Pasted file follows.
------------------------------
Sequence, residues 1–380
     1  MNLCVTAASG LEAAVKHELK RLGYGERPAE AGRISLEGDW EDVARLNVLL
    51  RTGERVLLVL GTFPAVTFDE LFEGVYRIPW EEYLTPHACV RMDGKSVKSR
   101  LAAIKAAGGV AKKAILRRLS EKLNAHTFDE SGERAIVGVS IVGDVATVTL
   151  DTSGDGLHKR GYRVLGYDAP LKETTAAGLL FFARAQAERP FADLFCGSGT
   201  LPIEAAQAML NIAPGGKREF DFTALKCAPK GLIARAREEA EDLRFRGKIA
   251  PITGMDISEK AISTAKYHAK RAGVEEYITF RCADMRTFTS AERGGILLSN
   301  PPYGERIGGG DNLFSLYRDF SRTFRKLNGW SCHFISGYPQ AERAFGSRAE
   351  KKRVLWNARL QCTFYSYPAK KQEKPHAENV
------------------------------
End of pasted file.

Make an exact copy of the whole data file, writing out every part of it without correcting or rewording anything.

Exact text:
Sequence, residues 1–380
     1  MNLCVTAASG LEAAVKHELK RLGYGERPAE AGRISLEGDW EDVARLNVLL
    51  RTGERVLLVL GTFPAVTFDE LFEGVYRIPW EEYLTPHACV RMDGKSVKSR
   101  LAAIKAAGGV AKKAILRRLS EKLNAHTFDE SGERAIVGVS IVGDVATVTL
   151  DTSGDGLHKR GYRVLGYDAP LKETTAAGLL FFARAQAERP FADLFCGSGT
   201  LPIEAAQAML NIAPGGKREF DFTALKCAPK GLIARAREEA EDLRFRGKIA
   251  PITGMDISEK AISTAKYHAK RAGVEEYITF RCADMRTFTS AERGGILLSN
   301  PPYGERIGGG DNLFSLYRDF SRTFRKLNGW SCHFISGYPQ AERAFGSRAE
   351  KKRVLWNARL QCTFYSYPAK KQEKPHAENV